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I am a Agile Coach for a cross-platform team of developers. It was announced that the team would be acquiring 2 new members. These 2 new members will be spending 1 week with the team in person and then going back offshore to work remotely.

What activities would be beneficial for introducing new team members to an Agile team?

  • Other than not working in a different country than the rest of the team? – RubberDuck Jan 2 '18 at 23:39
  • As written, this question is extremely open-ended and rather subjective. List-generating questions are always off-topic on PMSE. It's generating some good answers, but that doesn't make the question any less problematic. I'm going to close the question so it can be improved by the OP or the community, but I think there's an important (and salvageable!) underlying question here. – Todd A. Jacobs Jan 3 '18 at 19:41
  • @ToddA.Jacobs I agree it is definitely list generating, but I think on boarding is a important concept for an agile coach to get good at but alas I cannot think of a way of asking this question differently ;) – TheLearner Jan 9 '18 at 17:13
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There are three areas I'd consider when introducing new team members.

1) The Work: A week is not much time to get used to working together. Pairing or group/mob programming could be a great way to bring them up to speed on the way the team works and code practices. It may slow the team down a bit for the week, but not nearly as much as trying to onboard onto a codebase from offshore.

2) The Team: If your team has a working agreement around how they communicate, definition of ready and done, code review, etc, you could share this with the new members ahead of time and then do a small recap in person. Again, this is just to avoid confusion and get conversations around that to be face-to-face.

3) Personal Connections: Like Axel's answer, give them time to create a personal connections. If your team and the new members are all ok with drinking, happy hour can be a great option. Potluck lunches can be good too - whatever fits the team's and new team members' culture. This will really pay off when conflicts arise later.

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Any activity could be ok. I don't think it is necessary something extraordinary, simple events can be a good solution.

Probably the best would be, even before they start to work with the team, to invite the entire team (basic + 2 new members) for some drink and/or food. A relaxed and relaxing environment might help chats, some initial knowledge, some interests sharing, maybe also work / dev related.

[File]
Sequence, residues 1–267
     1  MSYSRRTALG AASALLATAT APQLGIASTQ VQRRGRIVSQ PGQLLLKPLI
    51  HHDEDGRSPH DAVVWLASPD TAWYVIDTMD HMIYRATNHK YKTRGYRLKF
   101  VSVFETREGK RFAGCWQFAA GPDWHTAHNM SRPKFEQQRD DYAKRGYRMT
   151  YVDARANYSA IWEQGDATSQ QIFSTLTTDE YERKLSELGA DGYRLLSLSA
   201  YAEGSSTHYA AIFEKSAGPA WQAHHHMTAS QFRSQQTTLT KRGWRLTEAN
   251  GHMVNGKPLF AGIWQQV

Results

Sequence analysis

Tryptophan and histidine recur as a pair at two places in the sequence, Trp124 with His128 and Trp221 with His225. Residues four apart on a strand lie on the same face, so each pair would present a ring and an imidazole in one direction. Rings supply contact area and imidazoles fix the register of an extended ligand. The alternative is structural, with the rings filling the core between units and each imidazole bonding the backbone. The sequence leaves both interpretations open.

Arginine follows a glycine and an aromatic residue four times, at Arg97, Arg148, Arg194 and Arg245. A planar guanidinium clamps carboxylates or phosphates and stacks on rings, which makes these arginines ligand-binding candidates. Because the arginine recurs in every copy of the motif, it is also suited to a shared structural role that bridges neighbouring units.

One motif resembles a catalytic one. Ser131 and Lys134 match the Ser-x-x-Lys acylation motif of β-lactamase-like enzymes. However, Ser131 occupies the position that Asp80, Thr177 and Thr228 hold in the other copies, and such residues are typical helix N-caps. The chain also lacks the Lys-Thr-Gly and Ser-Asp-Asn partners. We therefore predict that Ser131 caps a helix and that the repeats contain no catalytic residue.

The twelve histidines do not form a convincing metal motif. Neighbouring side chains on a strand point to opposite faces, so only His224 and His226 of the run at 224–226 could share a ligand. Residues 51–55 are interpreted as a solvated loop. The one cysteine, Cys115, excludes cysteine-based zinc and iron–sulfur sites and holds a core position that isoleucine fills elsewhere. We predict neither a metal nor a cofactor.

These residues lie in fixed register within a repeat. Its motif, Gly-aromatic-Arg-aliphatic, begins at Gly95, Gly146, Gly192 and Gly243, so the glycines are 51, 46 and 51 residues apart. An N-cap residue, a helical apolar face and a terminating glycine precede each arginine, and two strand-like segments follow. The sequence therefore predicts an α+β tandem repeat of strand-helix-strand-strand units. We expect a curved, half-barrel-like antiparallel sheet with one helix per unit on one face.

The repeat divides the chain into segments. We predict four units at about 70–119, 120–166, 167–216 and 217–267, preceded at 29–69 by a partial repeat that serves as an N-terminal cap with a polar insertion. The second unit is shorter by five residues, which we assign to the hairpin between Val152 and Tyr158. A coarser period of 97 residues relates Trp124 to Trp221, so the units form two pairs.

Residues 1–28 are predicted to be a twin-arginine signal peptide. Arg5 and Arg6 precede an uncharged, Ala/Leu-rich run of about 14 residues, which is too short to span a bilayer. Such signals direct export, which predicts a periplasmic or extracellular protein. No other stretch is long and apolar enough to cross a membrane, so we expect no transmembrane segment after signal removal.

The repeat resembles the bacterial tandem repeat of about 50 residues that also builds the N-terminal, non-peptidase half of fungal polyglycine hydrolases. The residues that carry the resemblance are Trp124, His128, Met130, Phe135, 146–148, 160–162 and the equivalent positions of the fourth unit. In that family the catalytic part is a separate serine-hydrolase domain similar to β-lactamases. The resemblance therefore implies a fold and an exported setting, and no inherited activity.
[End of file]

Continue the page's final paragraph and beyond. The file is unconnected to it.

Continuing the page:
I saw it working pretty well as an ice-breaker with new members for some of my teams. I would go this way.

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Making the best use of the presence of offshore team members

As @axel said an informal get together with the team is, of course, the best way to start. In addition, the following will help:

  1. Setting up the dev environment: Get them to set up the dev environment in their laptop and let them get started with some checking in/out code while they are in the office. Also, let them try out the VPN from their Hotel room. This will avoid needing to troubleshoot any permission issues when they are remote.

  2. Scrum ceremonies: It will be good if they can participate in person in all the Scrum ceremonies (Backlog Refinement, Sprint Review, Retrospective and Planning) while they are there in person.

  3. Story point estimation: In my experience, story point estimation has been a sticky issue for new team members, even if they are already familiar with Scrum. This is because story points are relative and what one team calls a 3 may not be the same for another team. Also, things like whether you use 0 point stories and what it means.

  4. White-boarding: It is well established that the most effective communication channel for dev teams is discussion with the help of a white-board. This is the hardest to do while offshore. So, take advantage of their presence and arrange for some white-boarding of existing / proposed architecture / roadmap... etc.

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In a 1-week window when new members will be working together with team is a good enough time frame to inform new team members about "Ground rules" about project and project team.

You can discuss multiple diverse topics such as 1. acceptable code of conduct, 2. inter team-communication channels and protocols, 3. meeting etiquette 4. overview of project scope, schedule, quality and risks

Ground rules establish clear expectations regarding acceptable behaviour by project team members. Early commitment to clear guidelines decreases misunderstandings and increases overall productivity of the team.

This clarity on ground rules of project and team allows team members to discover values that are important to one another.

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Apart from socialising/team building I've found pair-programming to be the best way to get new team members up to speed.

It's better to ask questions looking at the live codebase, and it means that the person working with them can quickly get a feel for how they prefer to work.

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